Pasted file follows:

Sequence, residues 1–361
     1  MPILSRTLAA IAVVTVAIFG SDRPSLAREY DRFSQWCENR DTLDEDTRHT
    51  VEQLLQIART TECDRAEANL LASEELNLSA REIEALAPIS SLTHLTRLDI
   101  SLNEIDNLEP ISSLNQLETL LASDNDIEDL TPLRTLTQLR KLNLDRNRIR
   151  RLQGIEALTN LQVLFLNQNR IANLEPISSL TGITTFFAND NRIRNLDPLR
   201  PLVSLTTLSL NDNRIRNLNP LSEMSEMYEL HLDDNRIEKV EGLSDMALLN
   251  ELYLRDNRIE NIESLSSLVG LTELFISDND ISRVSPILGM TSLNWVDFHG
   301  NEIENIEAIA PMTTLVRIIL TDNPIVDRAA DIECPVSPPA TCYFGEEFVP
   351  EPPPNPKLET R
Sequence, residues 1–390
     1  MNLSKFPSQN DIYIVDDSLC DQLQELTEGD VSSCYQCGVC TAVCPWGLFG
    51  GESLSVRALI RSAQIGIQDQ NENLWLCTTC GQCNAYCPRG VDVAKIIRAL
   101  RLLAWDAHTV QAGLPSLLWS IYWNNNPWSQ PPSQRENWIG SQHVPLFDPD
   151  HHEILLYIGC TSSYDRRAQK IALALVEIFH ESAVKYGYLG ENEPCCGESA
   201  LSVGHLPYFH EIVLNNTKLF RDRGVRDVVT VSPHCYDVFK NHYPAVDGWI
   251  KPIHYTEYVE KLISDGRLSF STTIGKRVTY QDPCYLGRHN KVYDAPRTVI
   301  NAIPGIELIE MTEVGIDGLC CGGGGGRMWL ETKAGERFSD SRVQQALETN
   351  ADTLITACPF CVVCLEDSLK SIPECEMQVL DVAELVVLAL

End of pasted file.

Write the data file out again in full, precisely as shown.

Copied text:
Sequence, residues 1–361
     1  MPILSRTLAA IAVVTVAIFG SDRPSLAREY DRFSQWCENR DTLDEDTRHT
    51  VEQLLQIART TECDRAEANL LASEELNLSA REIEALAPIS SLTHLTRLDI
   101  SLNEIDNLEP ISSLNQLETL LASDNDIEDL TPLRTLTQLR KLNLDRNRIR
   151  RLQGIEALTN LQVLFLNQNR IANLEPISSL TGITTFFAND NRIRNLDPLR
   201  PLVSLTTLSL NDNRIRNLNP LSEMSEMYEL HLDDNRIEKV EGLSDMALLN
   251  ELYLRDNRIE NIESLSSLVG LTELFISDND ISRVSPILGM TSLNWVDFHG
   301  NEIENIEAIA PMTTLVRIIL TDNPIVDRAA DIECPVSPPA TCYFGEEFVP
   351  EPPPNPKLET R
Sequence, residues 1–390
     1  MNLSKFPSQN DIYIVDDSLC DQLQELTEGD VSSCYQCGVC TAVCPWGLFG
    51  GESLSVRALI RSAQIGIQDQ NENLWLCTTC GQCNAYCPRG VDVAKIIRAL
   101  RLLAWDAHTV QAGLPSLLWS IYWNNNPWSQ PPSQRENWIG SQHVPLFDPD
   151  HHEILLYIGC TSSYDRRAQK IALALVEIFH ESAVKYGYLG ENEPCCGESA
   201  LSVGHLPYFH EIVLNNTKLF RDRGVRDVVT VSPHCYDVFK NHYPAVDGWI
   251  KPIHYTEYVE KLISDGRLSF STTIGKRVTY QDPCYLGRHN KVYDAPRTVI
   301  NAIPGIELIE MTEVGIDGLC CGGGGGRMWL ETKAGERFSD SRVQQALETN
   351  ADTLITACPF CVVCLEDSLK SIPECEMQVL DVAELVVLAL